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Just what is the ideal number of days in the office?

Nuvias’s latestUK channel partner survey says that Most partners expect the growth they experienced last year to continue, with 75% experiencing growth between 2-10% last year and 62% predicting that to be the same again this year. 

On hybrid working. There were two camps – one accepting that remote working had increased productivity and helped strategic thinking. At the same time, the other, which was smaller, expressed their views that working remotely had made running the business more difficult.

The negatives around hybrid working included working long hours and struggling to see customers and colleagues. Nuvias suggested that the different responses could be linked to generational divides and job categories.

 There’s also research out regarding the impact of company culture – does remote work destroy company culture?  No, an MIT and WebEx survey found – that instead, it improves company culture and feelings of inclusion and diversity.   At least 56% of Generation Z, 52% of millennials, 45% of Generation X, and 35% of Baby Boomers say that diversity and inclusion have improved with the advent of remote and hybrid work models,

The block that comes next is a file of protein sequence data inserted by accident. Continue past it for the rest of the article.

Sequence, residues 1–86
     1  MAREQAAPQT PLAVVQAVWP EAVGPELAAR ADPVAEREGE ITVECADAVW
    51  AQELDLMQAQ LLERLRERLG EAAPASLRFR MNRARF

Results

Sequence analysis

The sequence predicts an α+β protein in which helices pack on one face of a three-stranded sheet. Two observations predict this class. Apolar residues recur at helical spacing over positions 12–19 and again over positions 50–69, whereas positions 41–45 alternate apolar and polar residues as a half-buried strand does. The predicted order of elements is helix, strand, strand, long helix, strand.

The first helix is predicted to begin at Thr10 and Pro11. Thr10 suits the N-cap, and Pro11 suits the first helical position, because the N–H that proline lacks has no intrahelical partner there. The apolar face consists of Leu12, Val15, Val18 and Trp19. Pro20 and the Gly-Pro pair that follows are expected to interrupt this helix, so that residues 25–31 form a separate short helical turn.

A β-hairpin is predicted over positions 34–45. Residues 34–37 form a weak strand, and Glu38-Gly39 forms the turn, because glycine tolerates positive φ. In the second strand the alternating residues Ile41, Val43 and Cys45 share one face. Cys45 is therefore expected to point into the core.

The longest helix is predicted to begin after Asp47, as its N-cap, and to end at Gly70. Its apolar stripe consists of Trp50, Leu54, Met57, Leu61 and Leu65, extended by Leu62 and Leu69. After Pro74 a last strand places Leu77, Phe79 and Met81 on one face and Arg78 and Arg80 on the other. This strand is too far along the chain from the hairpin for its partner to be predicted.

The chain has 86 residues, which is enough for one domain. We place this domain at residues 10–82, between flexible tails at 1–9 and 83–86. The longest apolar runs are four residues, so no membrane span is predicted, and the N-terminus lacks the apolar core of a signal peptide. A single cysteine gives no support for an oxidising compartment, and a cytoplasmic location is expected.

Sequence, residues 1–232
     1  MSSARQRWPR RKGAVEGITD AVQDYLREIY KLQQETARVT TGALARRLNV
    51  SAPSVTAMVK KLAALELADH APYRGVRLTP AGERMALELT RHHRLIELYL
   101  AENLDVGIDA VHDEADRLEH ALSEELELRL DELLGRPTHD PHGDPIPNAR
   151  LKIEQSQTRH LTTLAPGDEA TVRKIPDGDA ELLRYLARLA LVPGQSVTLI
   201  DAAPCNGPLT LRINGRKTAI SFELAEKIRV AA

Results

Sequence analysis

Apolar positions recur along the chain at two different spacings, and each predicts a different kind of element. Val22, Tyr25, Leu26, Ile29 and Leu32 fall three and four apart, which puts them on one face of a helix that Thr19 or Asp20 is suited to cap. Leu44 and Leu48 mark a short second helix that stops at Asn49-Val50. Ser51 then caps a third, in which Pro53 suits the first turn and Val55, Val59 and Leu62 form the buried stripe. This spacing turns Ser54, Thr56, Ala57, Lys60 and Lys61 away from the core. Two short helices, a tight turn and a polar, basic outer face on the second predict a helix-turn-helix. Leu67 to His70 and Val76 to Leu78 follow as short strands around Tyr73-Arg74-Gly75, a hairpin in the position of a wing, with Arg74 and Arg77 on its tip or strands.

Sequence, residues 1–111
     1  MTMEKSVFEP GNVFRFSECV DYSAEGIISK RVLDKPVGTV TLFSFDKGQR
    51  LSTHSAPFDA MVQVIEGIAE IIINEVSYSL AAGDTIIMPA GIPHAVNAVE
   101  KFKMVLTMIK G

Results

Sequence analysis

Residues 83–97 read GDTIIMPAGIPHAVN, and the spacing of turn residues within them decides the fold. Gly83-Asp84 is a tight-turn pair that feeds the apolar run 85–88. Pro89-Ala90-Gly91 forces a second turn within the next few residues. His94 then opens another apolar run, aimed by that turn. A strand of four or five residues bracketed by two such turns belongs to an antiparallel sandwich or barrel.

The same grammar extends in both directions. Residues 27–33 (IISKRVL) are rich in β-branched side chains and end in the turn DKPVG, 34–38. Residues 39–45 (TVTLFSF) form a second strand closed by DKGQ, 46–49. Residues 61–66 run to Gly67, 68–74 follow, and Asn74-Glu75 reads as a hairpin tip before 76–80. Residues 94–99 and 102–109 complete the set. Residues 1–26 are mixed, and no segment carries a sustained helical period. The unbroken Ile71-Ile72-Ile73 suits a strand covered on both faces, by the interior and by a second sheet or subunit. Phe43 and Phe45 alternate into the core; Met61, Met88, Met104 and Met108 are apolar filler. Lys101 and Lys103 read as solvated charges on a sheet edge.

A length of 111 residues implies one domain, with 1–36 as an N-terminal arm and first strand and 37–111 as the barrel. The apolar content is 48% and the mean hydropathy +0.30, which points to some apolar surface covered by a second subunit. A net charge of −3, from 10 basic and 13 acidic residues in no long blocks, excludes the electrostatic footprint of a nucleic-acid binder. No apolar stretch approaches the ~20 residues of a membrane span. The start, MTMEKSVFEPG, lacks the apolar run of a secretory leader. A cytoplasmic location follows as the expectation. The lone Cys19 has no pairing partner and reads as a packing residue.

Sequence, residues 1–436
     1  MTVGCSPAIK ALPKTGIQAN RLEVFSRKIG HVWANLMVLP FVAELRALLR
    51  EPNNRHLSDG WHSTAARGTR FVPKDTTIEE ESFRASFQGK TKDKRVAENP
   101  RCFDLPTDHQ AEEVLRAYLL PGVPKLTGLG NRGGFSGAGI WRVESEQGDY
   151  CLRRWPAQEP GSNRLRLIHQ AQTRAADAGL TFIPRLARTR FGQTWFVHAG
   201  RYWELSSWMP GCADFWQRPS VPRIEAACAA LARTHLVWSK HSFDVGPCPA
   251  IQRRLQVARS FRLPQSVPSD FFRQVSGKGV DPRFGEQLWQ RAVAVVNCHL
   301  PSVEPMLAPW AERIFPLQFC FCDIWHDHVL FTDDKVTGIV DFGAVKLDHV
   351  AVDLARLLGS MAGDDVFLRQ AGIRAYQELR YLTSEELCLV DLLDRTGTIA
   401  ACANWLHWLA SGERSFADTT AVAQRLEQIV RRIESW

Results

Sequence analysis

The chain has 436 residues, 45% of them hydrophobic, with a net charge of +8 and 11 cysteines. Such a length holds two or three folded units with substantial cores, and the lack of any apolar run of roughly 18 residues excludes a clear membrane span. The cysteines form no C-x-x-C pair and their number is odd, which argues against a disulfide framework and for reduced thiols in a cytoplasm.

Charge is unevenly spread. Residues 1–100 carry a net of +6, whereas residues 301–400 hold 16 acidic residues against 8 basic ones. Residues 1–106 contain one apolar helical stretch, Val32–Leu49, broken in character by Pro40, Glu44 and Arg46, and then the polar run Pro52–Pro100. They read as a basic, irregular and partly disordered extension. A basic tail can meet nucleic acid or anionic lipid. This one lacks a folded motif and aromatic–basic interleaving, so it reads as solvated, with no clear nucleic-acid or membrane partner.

At least 44% of respondents from North America and Europe believe that the ability to express personal opinions has increased.

For those interested in the research on how much you SHOULD be in the office, a new Harvard Business School paper reports on research giving us the “sweet spot” of hybrid work – it’s just one or two days in the office, providing workers with the flexibility they want without the isolation of fully remote.    That from Bloomberg… which is a sign of the times, also has guidance on the quote “The Smart Way to shift to a four-day workweek.”  

For a bit of color, the New York Times has a piece on tech companies‘ efforts to make the return to the office fun – with perks.       Parties, food, and even concerts.  

Why do we care?

As the article observes, not commuting gets the average office worker an hour a day back… so QUOTE “you can see why employees are not going to start coming to work for free bagels or to play Ping-Pong.”

This is the typical BS when leaders don’t know what to do.  

Earlier in the week, I noted the data showing technology companies would be the leaders in remote work, which is why this data is essential.     The research shows the direction – it’s the confident who will take advantage of it and the managerially challenged who throw pizza parties.